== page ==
Anyone can find something to love in a best seller. If you really love books, you can find something to love within a book you snagged at the dollar store. You love watching narratives unfold, characters develop, and ideas take shape so much that you can appreciate those things even within the most convoluted, clumsily articulated books.
What if we loved Jesus so much that we could recognize and appreciate his qualities in even the worst of his followers?
It doesn’t mean you should cringe your way through sermons or clench your teeth through worship or prayer to prove your love for Jesus.
It means you can find something to appreciate among the flaws: that’s what Jesus does every time he looks at us. Seek the pieces of truth and glimpses of glory, wherever you find yourself in the global body of Christ.
Seeing the cup as half full instead of half empty doesn’t make you delusional. You know the cup isn’t full. But you appreciate what’s there more than you criticize what’s not.
This doesn’t mean that we simply ignore the faults in our churches and fellow believers. On the contrary, the more we love who Jesus is, the harder it is to tolerate misrepresentations or distortions of his character.
But no matter where you look within a church, and no matter how many churches you visit, you’ll always find something that’s not quite right or that could be better.
You will never find the perfect church
Flawed individuals cannot form a flawless group of people.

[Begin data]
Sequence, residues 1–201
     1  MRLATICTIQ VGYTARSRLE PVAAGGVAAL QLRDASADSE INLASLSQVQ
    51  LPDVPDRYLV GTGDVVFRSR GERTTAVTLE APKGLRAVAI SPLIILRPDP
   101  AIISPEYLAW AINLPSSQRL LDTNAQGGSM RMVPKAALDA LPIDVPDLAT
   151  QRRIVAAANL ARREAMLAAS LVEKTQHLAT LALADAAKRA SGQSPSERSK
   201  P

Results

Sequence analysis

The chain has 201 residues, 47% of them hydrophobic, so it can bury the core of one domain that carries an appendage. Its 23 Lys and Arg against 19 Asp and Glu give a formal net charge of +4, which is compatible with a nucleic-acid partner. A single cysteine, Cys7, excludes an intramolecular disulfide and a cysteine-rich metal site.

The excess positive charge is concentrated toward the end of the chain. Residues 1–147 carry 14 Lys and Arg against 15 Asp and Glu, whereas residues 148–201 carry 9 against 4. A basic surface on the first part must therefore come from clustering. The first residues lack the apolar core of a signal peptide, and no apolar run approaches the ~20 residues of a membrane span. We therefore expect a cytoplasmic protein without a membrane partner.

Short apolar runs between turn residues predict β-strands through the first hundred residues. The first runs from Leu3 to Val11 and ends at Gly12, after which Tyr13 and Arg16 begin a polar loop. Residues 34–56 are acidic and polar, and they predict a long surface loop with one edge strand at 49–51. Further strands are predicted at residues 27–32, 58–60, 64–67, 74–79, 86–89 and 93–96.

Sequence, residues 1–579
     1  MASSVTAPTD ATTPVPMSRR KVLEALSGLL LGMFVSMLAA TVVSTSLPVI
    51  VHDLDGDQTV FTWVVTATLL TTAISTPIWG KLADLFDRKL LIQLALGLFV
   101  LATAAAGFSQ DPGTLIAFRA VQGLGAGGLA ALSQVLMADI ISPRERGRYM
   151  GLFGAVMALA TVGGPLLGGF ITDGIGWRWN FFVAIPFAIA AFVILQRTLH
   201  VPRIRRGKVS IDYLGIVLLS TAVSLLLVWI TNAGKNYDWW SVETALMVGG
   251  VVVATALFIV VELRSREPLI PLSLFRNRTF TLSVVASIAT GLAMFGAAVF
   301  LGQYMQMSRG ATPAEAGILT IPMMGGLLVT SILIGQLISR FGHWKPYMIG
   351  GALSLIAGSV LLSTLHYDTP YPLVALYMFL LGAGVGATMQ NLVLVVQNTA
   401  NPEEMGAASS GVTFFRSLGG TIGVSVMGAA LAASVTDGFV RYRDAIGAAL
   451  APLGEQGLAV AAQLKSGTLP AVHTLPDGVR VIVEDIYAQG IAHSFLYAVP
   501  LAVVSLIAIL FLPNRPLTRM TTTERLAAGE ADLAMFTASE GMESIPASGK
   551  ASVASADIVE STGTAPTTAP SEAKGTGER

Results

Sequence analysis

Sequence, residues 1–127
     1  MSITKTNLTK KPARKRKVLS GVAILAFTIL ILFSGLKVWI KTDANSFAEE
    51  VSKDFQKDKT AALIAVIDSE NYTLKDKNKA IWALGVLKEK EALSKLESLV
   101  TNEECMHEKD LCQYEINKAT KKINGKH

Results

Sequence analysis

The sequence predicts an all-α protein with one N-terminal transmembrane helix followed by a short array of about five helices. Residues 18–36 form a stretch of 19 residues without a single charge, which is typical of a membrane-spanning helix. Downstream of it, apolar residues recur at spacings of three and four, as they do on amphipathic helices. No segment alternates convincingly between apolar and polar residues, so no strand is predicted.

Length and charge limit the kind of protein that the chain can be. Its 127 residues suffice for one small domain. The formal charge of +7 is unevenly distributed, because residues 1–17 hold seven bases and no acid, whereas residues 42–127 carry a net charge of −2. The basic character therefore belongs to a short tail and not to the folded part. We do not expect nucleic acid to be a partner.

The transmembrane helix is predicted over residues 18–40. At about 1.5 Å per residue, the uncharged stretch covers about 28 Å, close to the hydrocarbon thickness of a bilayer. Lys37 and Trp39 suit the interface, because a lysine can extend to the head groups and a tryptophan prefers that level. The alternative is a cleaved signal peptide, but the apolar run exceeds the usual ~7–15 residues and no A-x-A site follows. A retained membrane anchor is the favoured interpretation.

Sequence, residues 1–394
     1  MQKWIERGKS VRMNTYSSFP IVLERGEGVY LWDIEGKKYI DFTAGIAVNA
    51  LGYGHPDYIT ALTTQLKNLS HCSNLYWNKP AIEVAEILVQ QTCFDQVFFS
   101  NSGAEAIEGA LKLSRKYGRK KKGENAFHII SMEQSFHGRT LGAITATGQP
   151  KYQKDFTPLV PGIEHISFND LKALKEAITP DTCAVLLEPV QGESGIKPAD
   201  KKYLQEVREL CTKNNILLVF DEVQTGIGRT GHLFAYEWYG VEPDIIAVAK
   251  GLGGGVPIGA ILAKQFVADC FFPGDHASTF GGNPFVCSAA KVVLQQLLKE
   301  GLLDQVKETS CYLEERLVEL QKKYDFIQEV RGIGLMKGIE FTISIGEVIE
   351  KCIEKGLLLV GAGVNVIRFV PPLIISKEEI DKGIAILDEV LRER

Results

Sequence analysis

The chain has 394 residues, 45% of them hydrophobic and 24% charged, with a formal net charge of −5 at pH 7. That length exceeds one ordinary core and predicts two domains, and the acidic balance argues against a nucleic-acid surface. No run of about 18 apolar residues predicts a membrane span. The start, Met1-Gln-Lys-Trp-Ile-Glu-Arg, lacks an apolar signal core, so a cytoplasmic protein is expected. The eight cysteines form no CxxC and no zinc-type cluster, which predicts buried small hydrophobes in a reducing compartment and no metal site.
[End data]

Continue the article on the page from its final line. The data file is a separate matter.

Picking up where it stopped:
When you have the freedom to choose between multiple churches, countless reasons arise to choose one over the other. Some differences are theological and some are superficial.
“This church has a better teaching pastor.”
“That church has better child care.”
“I don’t like the way [insert church name] handled [insert situation].”
These may be deeply personal reasons. They may be completely valid concerns. But if you can’t find a church that satisfies you, consider these words from Charles Spurgeon, The Prince of Preachers:
You that are members of the church have not found it perfect and I hope that you feel almost glad that you have not. If I had never joined a Church till I had found one that was perfect, I should never have joined one at all! And the moment I did join it, if I had found one, I should have spoiled it, for it would not have been a perfect Church after I had become a member of it. Still, imperfect as it is, it is the dearest place on earth to us.
In his sermon, “The Best Donation (No. 2,334),” Spurgeon goes on to say,
. . .the Church is faulty, but that is no excuse for your not joining it, if you are the Lord’s. Nor need your own faults keep you back, for the Church is not an institution for perfect people, but a sanctuary for sinners saved by Grace, who, though they are saved, are still sinners and need all the help they can derive from the sympathy and guidance of their fellow Believers.
How do you respond to the imperfections in your church?
By Ryan Nelson